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Bid for cash for Geffrye Museum’s education roadshow to tour east London schools

PUBLISHED: 14:25 22 November 2017 | UPDATED: 14:25 22 November 2017

Geffrye Museum's education roadshow to visit east London schools while it's closed for two years. Picture: Geffrye archives

Geffrye Museum's education roadshow to visit east London schools while it's closed for two years. Picture: Geffrye archives

Geffrye archives

Fundraising has been started so that east London’s historic Geffrye Museum can take its education sessions out on the road to schools while it is closed during its two-year redevelopment.

Geffrye Museum soon undergoing a two-year refurbishment. Picture: Geffrye archivesGeffrye Museum soon undergoing a two-year refurbishment. Picture: Geffrye archives

The museum i has been chosen to be part of this year’s ‘Big Give Christmas’, the country’s biggest online funding campaign.

“It’s a worthwhile campaign,” museum director Sonia Solicari said. “Being part of the Christmas Big Give this year means we can continue our education work with schools to inspire young minds while we are closed.”

Around 6,000 pupils a year visit the museum which is housed in historic almshouses in the Kingsland Road.

Pioneering museum education programme started at 'The Greffrye' back in the 1930s. Picture: Geffrye archivesPioneering museum education programme started at 'The Greffrye' back in the 1930s. Picture: Geffrye archives

Learning has been at the heart of the education centre since it pioneered museum education in the 1930s.

But now it needs to raise £14,000 for the travelling roadshow. Any donations received on the Big Give website

between November 28 and December 5 will be doubled.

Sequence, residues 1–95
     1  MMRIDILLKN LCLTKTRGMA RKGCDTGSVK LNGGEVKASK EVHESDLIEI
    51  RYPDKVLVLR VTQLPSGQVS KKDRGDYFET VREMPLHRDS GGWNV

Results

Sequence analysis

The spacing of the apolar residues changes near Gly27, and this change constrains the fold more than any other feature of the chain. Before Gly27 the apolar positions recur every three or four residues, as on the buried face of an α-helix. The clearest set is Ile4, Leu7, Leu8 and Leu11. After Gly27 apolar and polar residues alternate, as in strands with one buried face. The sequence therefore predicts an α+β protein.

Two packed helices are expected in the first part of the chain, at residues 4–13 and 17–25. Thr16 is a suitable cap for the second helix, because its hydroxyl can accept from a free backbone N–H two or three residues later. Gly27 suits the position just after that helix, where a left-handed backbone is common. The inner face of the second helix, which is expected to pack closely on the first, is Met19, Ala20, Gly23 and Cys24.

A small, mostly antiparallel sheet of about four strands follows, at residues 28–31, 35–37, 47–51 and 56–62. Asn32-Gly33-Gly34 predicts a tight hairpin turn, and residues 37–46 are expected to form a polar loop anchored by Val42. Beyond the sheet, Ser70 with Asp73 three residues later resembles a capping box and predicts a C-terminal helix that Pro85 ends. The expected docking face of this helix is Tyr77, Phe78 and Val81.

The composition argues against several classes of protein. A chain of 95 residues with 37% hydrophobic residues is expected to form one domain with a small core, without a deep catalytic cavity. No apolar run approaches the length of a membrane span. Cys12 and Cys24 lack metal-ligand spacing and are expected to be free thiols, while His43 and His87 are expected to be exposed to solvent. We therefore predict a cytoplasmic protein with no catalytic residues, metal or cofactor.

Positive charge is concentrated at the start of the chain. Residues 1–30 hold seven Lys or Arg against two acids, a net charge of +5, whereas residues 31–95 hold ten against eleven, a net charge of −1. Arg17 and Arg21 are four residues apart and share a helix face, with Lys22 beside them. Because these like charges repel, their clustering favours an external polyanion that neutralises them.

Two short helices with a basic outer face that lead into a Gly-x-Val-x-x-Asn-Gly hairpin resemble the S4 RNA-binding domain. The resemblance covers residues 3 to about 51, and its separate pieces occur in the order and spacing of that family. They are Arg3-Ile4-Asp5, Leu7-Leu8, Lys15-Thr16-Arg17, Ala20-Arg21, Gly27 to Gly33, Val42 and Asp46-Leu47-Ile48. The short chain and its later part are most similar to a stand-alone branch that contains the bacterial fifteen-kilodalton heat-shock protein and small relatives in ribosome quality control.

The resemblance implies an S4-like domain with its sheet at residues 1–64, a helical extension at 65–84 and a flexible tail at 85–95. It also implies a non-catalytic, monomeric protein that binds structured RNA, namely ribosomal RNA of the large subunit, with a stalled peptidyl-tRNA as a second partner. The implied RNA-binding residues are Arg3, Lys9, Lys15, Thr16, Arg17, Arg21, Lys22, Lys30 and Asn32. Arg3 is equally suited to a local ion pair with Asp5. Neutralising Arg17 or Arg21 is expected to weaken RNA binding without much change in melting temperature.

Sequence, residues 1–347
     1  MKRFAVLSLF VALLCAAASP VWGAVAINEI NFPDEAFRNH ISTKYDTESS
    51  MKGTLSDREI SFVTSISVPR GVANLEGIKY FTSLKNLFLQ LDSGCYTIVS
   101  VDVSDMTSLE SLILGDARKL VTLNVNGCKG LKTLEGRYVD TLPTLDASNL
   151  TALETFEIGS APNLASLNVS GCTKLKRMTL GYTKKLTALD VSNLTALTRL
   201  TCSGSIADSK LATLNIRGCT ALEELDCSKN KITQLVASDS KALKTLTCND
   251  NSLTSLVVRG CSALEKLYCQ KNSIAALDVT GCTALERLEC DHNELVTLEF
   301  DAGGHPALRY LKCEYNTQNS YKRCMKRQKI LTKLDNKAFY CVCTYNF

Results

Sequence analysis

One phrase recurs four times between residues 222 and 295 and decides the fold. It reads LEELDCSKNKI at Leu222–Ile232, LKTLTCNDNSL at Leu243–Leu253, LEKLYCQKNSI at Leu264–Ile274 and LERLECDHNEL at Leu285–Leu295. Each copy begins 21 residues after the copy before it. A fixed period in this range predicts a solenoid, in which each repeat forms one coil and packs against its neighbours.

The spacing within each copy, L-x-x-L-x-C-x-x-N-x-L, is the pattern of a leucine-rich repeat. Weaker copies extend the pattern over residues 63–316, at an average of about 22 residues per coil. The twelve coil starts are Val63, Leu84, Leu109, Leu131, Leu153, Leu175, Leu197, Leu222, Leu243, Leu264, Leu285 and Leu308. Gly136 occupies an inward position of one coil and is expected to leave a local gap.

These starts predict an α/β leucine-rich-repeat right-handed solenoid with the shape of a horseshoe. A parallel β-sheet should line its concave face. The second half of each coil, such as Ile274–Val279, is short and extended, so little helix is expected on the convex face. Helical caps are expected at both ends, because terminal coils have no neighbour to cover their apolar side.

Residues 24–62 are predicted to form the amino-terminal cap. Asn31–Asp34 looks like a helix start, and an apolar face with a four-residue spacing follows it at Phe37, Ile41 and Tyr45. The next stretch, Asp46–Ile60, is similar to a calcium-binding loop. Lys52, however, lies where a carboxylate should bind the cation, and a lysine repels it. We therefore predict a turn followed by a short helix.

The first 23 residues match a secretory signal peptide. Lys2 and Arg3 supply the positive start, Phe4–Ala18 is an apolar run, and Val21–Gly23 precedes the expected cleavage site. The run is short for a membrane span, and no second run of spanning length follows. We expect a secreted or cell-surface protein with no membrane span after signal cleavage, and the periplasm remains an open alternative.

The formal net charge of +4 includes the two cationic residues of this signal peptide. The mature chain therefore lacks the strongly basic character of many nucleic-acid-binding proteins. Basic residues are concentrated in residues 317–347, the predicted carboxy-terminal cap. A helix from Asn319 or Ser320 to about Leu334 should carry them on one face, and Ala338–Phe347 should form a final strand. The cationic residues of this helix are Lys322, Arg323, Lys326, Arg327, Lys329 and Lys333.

How the 'Geffrye' will look after its two year refurbishment. Picture: Geffrye archivesHow the 'Geffrye' will look after its two year refurbishment. Picture: Geffrye archives

The Geffrye was opened as a museum by London County Council in 1914, set in the former almshouses of the Ironmongers’ company which were built in 1714 with a bequest from Sir Robert Geffrye.

It aimed to inspire and educate workers in the East End’s bustling furniture trade.

Focus turned to children and family audiences by the late 1930s, as the furniture industry began moving out of the East End, with its education services developed by Molly Harrison’s pioneering work expanding museums as centres for learning and education.

Collections of furniture, paintings and decorative arts have evolved over the years, displayed in period living rooms, parlours or ‘drawing’ rooms of the past.

The Geffrye became an independent charitable trust in 1991, with a 20th-century wing added and an almshouse restored and furnished to show the living conditions of pensioners in the 18th and 19th centuries.

Today it focuses on the history of home and how this has changed over the centuries with influences from economics, art, technology, global trade, social trends and family behaviours.

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